Quentin Tarantino, “Inglourious Basterds” (2009).

Sep 06 2009 Published by Benito Vergara under review

Inglourious Basterds

There was a time, back in 1994 when Pulp Fiction came out, when I just couldn’t shut up about Quentin Tarantino. In a fit of movie giddiness, I had seen Pulp Fiction on the big screen maybe three times the month it opened; I owned the Faber & Faber editions of his screenplays; I had the posters on the wall; I had memorized the entire “dick dick dick dick dick dick dick” monologue — easy to do, since I owned the soundtracks both on cassette and CD. I owned Reservoir Dogs (1992) on VHS, DVD, HD-DVD (a Belgian import), and Blu-Ray. Even now, I can still tell you when I saw his films, which theaters I saw them in, and who I saw them with. One year my ex and I even dressed up as Vincent and Mia for Halloween.

You might say, correctly, that I was smitten. I loved his films’ explosive profanity, their bursts of violence, the way the narrative swung back and forth with flashbacks within flashbacks, the way Uma Thurman draws a square in the air, the way Tim Roth picks up his wedding ring and hesitates. But people were celebrating Tarantino for being a bad boy and breaking the rules long before I had any conception of what those rules were. Such Paulettesque movie-love, prior to my picking up all the other cinematic references, real or imagined, in Tarantino’s films. Before I knew better, one might say, but that would be going too far.

All this, as the reader would have figured out by now, is a preamble to a confession of inevitable disappointment. I’ve seen and re-watched all his other films, of course, and all those stylistic flourishes which I once found cool  — thrown in just because, even if they go nowhere — I now found gimmicky and distracting, even irritating. But unlike in a real-life amorous relationship — where you used to love the way she used to tuck her hair behind her ear, before it started unaccountably getting on your nerves — Pulp Fiction didn’t change; I did. “It’s not you; it’s me.”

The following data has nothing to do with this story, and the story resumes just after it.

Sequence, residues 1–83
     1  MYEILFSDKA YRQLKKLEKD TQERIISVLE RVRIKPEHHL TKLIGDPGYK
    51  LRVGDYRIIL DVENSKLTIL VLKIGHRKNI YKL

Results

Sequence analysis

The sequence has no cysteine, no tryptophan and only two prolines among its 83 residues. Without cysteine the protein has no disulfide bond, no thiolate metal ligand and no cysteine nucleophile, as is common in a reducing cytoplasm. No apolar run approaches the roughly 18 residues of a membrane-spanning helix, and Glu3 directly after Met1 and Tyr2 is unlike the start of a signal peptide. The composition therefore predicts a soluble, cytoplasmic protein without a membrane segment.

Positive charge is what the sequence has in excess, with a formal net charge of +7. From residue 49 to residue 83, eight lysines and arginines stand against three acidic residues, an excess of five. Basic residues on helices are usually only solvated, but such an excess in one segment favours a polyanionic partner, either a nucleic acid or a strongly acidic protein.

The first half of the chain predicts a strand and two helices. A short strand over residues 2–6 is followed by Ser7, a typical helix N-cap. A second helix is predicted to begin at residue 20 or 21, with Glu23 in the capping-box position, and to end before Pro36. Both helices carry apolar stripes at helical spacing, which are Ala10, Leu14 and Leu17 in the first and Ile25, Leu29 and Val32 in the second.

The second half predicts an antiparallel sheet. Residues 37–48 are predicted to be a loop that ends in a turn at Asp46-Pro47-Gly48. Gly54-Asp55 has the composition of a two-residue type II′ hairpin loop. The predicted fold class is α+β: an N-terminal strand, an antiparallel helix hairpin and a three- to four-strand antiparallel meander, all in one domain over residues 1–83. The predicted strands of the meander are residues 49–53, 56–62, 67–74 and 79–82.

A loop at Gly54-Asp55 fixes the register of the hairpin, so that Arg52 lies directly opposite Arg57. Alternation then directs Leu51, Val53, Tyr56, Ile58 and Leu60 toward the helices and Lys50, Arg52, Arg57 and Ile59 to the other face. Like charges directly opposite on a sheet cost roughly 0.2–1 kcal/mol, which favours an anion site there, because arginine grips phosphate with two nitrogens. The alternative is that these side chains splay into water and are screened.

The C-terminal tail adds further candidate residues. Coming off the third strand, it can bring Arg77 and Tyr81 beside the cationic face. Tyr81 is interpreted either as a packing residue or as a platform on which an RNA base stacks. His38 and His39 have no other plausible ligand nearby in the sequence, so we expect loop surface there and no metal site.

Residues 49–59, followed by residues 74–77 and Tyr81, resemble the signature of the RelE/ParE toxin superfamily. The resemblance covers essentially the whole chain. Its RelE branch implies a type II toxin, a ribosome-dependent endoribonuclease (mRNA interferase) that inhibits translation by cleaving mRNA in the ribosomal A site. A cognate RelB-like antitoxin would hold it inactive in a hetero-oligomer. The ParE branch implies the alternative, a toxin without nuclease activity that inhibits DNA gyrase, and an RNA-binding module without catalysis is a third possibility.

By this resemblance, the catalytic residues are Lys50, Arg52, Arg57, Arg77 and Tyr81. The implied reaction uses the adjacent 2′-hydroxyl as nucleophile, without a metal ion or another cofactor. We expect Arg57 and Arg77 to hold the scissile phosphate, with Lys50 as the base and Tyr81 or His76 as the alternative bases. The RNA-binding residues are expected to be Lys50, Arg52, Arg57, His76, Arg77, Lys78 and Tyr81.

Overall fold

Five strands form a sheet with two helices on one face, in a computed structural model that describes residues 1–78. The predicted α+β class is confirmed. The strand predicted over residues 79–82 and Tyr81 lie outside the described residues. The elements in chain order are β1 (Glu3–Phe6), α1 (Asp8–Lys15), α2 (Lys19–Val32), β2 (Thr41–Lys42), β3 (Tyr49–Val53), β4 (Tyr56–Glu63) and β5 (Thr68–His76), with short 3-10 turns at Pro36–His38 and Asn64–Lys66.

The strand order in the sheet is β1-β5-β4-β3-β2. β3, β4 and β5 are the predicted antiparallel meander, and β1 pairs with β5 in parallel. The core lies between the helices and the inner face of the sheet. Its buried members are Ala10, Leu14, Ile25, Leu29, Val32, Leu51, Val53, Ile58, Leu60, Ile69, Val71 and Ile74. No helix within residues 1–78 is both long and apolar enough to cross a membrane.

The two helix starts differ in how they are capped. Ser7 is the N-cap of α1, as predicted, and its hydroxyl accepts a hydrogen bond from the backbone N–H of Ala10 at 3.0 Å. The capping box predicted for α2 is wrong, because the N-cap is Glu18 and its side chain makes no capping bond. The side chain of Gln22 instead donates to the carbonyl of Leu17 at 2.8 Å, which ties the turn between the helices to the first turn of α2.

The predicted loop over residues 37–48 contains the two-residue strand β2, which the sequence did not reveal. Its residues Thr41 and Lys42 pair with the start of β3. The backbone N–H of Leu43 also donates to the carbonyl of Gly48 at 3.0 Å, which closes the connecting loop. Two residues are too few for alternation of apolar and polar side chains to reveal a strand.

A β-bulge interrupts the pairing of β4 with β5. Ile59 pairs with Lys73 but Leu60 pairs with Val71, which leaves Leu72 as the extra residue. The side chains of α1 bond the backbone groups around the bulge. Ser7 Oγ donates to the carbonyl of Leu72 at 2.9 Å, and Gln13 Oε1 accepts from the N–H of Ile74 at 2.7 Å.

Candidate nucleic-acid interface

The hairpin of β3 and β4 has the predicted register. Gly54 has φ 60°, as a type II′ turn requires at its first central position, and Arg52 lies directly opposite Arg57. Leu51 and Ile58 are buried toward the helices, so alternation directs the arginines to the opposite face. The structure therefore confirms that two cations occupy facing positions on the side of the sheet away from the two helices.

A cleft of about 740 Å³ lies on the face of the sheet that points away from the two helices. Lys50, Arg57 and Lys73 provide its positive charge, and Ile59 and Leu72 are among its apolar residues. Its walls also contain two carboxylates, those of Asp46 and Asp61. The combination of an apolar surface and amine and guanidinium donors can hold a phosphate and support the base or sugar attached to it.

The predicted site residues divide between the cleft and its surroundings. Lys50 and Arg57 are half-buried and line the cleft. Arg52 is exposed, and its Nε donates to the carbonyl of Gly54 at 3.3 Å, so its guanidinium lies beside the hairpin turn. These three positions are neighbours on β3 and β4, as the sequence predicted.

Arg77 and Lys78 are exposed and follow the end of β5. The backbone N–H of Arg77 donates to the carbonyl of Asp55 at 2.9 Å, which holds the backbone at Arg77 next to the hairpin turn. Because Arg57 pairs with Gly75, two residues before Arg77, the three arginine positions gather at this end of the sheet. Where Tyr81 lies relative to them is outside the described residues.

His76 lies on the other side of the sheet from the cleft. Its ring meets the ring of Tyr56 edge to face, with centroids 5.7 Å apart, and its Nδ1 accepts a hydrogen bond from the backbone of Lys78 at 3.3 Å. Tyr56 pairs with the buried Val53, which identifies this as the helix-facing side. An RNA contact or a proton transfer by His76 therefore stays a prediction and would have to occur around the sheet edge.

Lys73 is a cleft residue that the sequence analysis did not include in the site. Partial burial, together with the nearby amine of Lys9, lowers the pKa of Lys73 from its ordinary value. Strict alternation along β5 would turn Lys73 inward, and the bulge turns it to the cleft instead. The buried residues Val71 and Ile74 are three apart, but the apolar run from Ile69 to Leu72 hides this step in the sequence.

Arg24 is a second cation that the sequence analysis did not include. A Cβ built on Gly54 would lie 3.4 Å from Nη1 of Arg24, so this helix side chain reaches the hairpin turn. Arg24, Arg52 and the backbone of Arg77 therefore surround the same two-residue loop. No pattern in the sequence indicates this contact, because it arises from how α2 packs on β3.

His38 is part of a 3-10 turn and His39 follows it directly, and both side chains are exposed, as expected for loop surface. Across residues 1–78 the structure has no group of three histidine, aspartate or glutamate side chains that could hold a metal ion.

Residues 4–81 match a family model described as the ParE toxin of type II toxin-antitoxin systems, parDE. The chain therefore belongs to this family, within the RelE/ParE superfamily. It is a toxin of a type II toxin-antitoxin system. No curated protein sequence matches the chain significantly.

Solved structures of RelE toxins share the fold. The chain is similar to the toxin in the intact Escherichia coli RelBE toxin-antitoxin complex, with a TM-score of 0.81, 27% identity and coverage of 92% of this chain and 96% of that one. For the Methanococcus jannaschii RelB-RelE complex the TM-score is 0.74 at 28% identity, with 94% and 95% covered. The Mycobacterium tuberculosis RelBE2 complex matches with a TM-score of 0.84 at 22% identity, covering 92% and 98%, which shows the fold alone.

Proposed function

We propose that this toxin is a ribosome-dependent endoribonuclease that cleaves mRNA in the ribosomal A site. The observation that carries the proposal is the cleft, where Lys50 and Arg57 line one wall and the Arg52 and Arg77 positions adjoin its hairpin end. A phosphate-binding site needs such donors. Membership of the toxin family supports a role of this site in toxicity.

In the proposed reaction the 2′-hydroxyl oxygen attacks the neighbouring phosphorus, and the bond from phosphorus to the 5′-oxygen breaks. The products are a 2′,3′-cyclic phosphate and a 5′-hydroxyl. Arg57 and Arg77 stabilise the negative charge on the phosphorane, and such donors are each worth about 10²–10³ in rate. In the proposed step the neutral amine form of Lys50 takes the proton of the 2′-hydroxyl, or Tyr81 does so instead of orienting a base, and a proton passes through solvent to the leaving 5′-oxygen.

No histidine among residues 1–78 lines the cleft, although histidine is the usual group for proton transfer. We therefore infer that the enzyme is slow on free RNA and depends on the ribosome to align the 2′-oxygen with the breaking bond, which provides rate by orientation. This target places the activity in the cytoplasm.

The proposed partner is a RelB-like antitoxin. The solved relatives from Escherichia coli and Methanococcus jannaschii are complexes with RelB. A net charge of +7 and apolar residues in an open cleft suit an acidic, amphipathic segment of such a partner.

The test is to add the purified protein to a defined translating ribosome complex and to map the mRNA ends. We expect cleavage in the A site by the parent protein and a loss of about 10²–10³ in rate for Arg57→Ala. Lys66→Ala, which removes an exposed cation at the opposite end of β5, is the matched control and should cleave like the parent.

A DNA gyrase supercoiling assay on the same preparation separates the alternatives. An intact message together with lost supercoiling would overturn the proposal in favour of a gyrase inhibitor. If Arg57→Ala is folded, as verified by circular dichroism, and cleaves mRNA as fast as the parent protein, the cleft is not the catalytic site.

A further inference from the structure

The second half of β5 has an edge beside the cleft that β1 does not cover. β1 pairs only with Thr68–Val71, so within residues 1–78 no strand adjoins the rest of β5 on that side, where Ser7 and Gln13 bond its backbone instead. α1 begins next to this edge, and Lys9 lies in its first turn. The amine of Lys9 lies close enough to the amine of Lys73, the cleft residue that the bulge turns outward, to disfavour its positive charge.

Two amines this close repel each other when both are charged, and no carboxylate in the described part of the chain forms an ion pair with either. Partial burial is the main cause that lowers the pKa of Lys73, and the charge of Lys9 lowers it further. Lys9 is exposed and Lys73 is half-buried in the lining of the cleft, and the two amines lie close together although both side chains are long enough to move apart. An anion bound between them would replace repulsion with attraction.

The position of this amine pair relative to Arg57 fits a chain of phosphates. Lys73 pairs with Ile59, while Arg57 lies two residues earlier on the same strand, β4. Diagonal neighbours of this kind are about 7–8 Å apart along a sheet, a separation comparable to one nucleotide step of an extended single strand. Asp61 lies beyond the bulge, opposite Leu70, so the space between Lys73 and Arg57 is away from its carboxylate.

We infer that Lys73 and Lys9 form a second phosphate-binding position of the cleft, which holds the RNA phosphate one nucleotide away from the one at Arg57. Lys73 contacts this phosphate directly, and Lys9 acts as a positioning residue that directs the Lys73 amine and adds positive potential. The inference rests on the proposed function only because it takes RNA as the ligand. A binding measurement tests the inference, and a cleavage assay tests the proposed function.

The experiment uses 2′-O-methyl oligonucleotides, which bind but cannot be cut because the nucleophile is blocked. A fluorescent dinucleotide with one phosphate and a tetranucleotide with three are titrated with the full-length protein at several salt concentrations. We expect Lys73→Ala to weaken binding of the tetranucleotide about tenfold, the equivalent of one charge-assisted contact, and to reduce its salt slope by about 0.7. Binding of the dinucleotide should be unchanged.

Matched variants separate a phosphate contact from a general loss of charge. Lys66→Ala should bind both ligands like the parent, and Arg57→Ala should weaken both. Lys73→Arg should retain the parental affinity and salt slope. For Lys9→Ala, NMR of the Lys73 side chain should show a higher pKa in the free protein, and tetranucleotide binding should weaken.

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Movie Roundup.

Aug 25 2008 Published by Benito Vergara under notes

1. No time to write a real write-up, but Robert Rodriguez and Quentin Tarantino’s Grindhouse is up there with Bong Joon-ho’s The Host (and Philip Gröning’s Into Great Silence) as one of my favorites this year so far.

(And in case anyone wanted to know: QT’s was better than RR’s. In fact, I’ll go out on a limb here and say that Eli Roth’s “preview” for Thanksgiving was better than Planet Terror. And indeed I’ll go out on another limb and say that Death Proof is probably Tarantino’s best work since Pulp Fiction. It’s a structural marvel, plus Tarantino lets his characters simply luxuriate in the pleasures of the rhythm of simple conversation. Words, speed and metal — yeah.)

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Movie Roundup!

Aug 19 2008 Published by Benito Vergara under notes

- Quentin Tarantino’s Kill Bill
Finally got to see both parts in one sitting, and it was well worth the wait. It isn’t Reservoir Dogs, but it’s certainly his most entertaining film so far, with no apologies for his film-geekery. But now I’d like to see his next flick be a little more original.

- Georges Franju’s Eyes without a Face
Seen this amazing movie a couple of times before, and the newly-minted Criterion edition blows the murky video version (from Kino?) out of the water. (The scene when the nurse looks up to see the plane in the cloudy night sky is finally clearer, and I still don’t know what it means.) As for extras, there’s the surreally beautiful The Blood of Beasts, but I can’t imagine seeing it more than once: it’s a documentary about abattoirs in post-World War II Paris. The gorgeous shots of the city rival Atget’s (but the shots of decapitated lambs, well…).

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